SCOTCH giant Whyte and Mackay is owned in a Caribbean tax haven by a billionaire named in the Panama Papers, it has emerged.

The firm, which claims that the pride and passion of its Glaswegian founders James Whyte and Charles Mackay are “in every glass” of its whisky, ultimately belongs to a holding company registered in the British Virgin Islands or BVI.

READ MORE: Brand on the run - Whyte and Mackay whisky's journey from dockyard to tax haven

Whyte and Mackay Limited’s last annual accounts show it paid £172,000 in income tax in 2015 on pre-tax profits of just over £24 million.

There is no suggestion of unlawful conduct by the company.

Whyte & Mackay's brands

The Herald:

UK authorities, led by former prime minister David Cameron and his chancellor George Osborne, as well as international organisations, such as Oxfam, have railed against offshore ownership.

Today The Herald is launching a series of investigations into Scottish links with tax havens.

Lisa Stewart of Oxfam Scotland described news of Whyte and Mackay’s status as a “scandal” that is “yet more evidence that our taxation system is broken”.

And she added: “The UK Government must put an end to the secrecy that enables the rich and powerful to get away without paying their fair share of taxes.

“With almost one in five people in Scotland living in poverty, these funds could have been utilised providing a vital safety net to the poorest in our society.”

Andy Wightman MSP

The Herald: Writer Andy Wightman

Green MSP Andy Wightman, learning of the Whyte and Mackay arrangements, said: “It is clear that secrecy jurisdictions are now a routine part of the ownership of land, property and corporate assets in Scotland.

“This situation poses serious questions about the accounting practices and tax liabilities and highlights the need for greater transparency in the ownership of land and capital.”

The whisky firm’s offshore ownership, revealed by filings at Companies House, came after the business was bought by one tycoon, Filipino Andrew Tan, from another, India’s Vijay Mallya, in 2014.

Mr Tan, a Chinese-born burger, brandy and building entrepreneur who lives in Manila, was named in the Panama Papers – a data leak of documents from a law firm earlier this year –because of his substantial offshore empire.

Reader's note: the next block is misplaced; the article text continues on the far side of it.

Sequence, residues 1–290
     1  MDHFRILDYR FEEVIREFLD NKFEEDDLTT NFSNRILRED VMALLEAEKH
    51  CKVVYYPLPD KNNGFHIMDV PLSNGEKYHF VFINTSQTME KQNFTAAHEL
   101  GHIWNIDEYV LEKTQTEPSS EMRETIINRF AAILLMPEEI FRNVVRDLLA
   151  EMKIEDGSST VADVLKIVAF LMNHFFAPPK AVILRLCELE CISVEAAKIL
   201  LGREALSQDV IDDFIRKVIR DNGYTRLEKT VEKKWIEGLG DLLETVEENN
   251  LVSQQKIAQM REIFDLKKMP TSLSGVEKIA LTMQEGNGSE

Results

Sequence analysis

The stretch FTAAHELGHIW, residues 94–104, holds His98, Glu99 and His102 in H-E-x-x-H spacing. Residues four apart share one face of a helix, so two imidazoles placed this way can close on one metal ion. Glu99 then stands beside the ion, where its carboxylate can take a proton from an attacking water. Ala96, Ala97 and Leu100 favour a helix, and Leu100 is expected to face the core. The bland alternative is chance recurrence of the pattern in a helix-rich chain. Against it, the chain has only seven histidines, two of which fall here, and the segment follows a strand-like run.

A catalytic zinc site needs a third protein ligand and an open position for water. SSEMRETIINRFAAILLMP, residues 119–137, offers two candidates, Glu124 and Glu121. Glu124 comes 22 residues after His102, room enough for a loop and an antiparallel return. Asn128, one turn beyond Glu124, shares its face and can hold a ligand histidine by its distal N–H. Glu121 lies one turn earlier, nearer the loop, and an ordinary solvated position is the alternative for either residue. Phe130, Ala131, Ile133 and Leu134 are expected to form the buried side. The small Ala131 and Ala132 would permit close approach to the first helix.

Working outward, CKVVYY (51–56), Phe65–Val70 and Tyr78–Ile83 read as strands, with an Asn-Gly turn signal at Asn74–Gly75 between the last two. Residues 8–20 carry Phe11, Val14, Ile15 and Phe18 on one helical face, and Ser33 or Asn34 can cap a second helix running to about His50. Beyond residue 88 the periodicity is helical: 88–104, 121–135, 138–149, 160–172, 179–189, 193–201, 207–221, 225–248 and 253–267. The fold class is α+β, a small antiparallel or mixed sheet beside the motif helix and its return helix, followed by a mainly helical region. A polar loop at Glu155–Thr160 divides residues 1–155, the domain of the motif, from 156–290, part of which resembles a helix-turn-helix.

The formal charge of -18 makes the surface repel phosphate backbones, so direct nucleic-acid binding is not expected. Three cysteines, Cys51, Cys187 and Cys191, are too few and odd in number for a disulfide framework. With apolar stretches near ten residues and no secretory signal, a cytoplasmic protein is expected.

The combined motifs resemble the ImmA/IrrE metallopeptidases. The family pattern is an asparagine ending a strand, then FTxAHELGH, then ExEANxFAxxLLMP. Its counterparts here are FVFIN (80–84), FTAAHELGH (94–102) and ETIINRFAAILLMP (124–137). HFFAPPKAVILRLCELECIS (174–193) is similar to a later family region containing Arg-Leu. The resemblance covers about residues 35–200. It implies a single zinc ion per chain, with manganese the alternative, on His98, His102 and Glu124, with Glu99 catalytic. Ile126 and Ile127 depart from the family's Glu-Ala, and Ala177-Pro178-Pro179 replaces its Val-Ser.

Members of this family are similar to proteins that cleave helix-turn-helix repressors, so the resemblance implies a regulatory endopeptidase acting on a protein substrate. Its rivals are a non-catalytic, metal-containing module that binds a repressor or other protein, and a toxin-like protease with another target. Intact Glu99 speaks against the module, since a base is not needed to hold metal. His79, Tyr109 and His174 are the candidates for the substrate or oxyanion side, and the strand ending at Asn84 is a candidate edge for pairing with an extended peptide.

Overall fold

Andrew Tan

The Herald:

One of those businesses is Emperador International Limited, registered at a PO Box in the BVI capital Road Town. This company, through a variety of others, owns the 160-year-old Whyte and Mackay Limited, which, apart from its trademark blend, produces Vladivar vodka and the Jura and Dalmore premium malts.

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Whyte and  Mackay declined to discuss its ownership or tax arrangements when contacted by The Herald. A spokeswoman said: “We will not be making any comment on this matter.”

Some tax experts insist there can be good reasons why businesses or entrepreneurs use so-called fiscal paradises or tax havens to register ownership of companies.

Some businesses, for example, may wish to avoid double or even tripletaxation – so they only pay a levy on their profits once. This is often the case in Third World countries with bureaucratic tax regimes. Hundreds of Filipino business leaders were named in the Panama Papers alongside Mr Tan.

As The Herald revealed last year much of Scotland’s whisky industry is owned outside the country, either in England or overseas.

Whyte & Mackay's Glasgow HQ

The Herald:

The sale of Whyte and Mackay by Mr Mallya to Mr Tan’s Emperador is already under investigation by market regulators in India for suspected foreign exchange violations. The tycoon sold Whyte and Mackay amid competition concerns before he sold his alcohol concern to Diageo, a multi-national with substantial Scottish distilling interests.

Last week the Securities and Exchange Board of India also initiated initiated investigations in to Mr Mallya’s affairs, starting with all contracts involving him, Diageo and his alcohol firm, United Spirits, which had owned Whyte & Mackay before it was sold to Emper

READ MORE: The Herald View: our editorial on tax havens

Road Town, British Virgin Islands: where Whyte & Mackay is owned

The Herald:

Mr Mallya, meanwhile, had already been accused of amassing debts of nearly £1bn is also under investigation for continuing to enjoy a lavish lifestyle. The businessman now lives in what he calls “forced exile” in London, after the collapse of his firm Kingfisher Airlines in 2012. Indian authorities have cancelled his passport. In another development, a consortium of banks led by the state bank of India sought contempt proceedings against Mr Mallya for allegedly failing to provide full details of his global assets.

READ MORE: Brand on the run - Whyte and Mackay whisky's journey from dockyard to tax haven

Chinese-born rags-to-riches tycoon Mr Han  was one of 572 Filipino business people named in the Panama Papers. The entrepreneur, said by Forbes magazine to be worth more than $5bn, is chairman of a conglomerate called Alliance Global Group, which owns the Emperador distillery, maker of one of Asia’s most popular brandies, and now alcohol firms in Spain and Scotland.

Do you know of a Scottish business or property owned in an overseas tax haven? Or of a Scottish company used as a vehicle to avoid tax overseas? Then please contact me, David Leask, at

Vijay Mallya

The Herald: Described as India's Richard Branson, Vijay Mallya wants to make UB a major international player'.

How this story appeared in print

The Herald: